To this extent, in circumstances in which both cases had relationships that were wholly and comprehensively outlined in writing, the High Court held that the nature of the relationship was to be determined from the terms of the written contract itself. The High Court denied that the terms allocated to each party in the contract would necessarily be determinative of, or even relevant to, the characterisation of the relationship. Determination of the character of the relationship will, however, proceed by reference to the rights and obligations of the parties under the written contract.


In Personnel Contracting, notwithstanding being labelled an independent contractor in the ASA, the High Court held, by majority, that Mr McCourt was an employee. Mr McCourt’s promise to work for Construct’s client, and be paid for that work, went directly to the core of Construct’s business of acting as a labour hire company. In those circumstances, it was deemed that Mr McCourt’s contract with Construct could only accurately be described as a contract of service, rather than a contract for services.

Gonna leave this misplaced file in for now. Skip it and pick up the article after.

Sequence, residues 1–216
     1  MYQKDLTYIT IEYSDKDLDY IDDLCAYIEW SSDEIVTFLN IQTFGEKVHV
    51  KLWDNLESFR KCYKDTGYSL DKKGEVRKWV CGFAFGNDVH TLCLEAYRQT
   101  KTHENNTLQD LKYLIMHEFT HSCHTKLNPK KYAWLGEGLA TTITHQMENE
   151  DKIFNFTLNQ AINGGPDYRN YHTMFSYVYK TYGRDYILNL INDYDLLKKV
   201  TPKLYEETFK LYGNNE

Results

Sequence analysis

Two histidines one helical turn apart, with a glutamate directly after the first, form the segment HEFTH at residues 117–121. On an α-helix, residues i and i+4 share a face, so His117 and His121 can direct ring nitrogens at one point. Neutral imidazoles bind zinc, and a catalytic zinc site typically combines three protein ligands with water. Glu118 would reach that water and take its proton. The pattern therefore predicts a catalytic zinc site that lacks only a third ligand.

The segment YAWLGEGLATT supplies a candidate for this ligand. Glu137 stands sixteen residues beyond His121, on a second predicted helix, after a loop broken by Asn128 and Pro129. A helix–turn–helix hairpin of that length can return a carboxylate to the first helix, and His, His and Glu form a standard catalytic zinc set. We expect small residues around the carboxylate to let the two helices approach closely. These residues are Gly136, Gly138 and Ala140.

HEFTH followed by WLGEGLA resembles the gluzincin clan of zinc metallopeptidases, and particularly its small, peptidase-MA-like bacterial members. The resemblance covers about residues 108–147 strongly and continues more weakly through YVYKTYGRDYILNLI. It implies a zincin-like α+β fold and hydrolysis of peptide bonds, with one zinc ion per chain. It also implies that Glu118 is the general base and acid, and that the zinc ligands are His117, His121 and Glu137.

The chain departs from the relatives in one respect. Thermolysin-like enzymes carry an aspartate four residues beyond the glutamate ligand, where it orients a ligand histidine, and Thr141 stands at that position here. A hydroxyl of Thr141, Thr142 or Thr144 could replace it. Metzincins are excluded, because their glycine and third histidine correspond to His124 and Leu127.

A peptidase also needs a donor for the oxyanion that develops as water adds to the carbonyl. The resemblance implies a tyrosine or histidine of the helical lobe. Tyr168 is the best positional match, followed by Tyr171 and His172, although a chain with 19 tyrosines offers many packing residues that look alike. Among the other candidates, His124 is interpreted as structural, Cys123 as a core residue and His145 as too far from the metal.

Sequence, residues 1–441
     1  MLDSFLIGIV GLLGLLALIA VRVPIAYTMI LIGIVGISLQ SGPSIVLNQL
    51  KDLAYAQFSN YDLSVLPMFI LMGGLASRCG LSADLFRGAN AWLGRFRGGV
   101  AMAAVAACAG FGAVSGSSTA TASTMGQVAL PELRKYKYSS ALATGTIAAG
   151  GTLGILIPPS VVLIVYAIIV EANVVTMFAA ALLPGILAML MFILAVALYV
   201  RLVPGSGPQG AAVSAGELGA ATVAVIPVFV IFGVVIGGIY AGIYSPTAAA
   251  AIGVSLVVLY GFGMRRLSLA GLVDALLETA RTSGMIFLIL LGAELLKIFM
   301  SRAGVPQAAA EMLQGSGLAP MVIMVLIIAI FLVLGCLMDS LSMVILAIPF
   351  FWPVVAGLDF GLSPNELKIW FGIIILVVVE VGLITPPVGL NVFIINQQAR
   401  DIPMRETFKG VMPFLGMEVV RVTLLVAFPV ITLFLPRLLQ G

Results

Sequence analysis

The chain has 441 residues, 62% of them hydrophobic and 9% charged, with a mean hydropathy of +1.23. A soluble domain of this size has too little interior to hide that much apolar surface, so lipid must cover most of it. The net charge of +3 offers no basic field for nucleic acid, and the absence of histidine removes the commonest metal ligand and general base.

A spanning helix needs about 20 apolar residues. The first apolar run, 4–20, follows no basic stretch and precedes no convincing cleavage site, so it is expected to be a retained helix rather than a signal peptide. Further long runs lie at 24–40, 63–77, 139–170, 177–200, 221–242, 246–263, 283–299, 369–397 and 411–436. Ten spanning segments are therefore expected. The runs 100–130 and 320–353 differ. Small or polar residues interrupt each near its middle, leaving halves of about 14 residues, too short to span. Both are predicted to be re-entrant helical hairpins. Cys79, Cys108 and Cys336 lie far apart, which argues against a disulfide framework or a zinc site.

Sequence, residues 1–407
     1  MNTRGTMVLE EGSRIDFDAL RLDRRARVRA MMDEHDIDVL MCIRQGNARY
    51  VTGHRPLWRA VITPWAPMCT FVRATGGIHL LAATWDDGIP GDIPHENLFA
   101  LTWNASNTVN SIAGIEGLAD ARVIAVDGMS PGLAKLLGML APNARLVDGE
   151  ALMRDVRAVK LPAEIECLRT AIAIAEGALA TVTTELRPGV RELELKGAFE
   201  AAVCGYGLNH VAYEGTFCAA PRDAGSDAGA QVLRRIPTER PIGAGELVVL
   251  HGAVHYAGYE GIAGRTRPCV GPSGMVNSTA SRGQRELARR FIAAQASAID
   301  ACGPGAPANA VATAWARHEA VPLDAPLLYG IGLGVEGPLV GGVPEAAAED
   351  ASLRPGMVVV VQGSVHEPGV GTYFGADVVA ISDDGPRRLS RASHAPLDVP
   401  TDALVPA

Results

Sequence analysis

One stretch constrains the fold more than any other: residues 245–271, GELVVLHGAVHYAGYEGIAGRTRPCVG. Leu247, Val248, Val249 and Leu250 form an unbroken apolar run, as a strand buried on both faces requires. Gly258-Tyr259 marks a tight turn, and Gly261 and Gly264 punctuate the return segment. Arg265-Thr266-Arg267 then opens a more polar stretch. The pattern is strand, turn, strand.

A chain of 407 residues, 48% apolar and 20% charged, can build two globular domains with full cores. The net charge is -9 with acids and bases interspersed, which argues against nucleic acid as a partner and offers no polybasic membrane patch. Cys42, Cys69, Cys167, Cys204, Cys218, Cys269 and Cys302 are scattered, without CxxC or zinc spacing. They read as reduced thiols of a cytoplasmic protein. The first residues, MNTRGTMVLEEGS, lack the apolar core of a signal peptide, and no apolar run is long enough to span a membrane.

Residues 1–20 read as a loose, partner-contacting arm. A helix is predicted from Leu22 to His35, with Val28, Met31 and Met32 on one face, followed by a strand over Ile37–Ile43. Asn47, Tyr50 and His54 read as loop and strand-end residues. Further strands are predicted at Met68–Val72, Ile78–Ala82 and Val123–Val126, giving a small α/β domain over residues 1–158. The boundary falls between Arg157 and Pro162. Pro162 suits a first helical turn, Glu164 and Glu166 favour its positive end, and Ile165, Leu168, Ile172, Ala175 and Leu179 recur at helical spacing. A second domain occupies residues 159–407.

In the decision of ZG Operations, the High Court unanimously held that the workers were contractors, who carried on the business of providing delivery services to the company.

The High Court held that, when determining whether a worker constitutes an ‘employee’, consideration should be given to the totality of the contracts and the effect the bargaining power between the parties had on ‘the reality of the situation’

Having regard to the Full Court’s reliance on the context in which the workers entered into their contracts in ZG Operations, the High Court considered this was mounted on the company’s refusal to continue to employ the drivers. Hence the only ongoing intended relationship was that for the carriage of goods and was not reflective of a relationship of employment.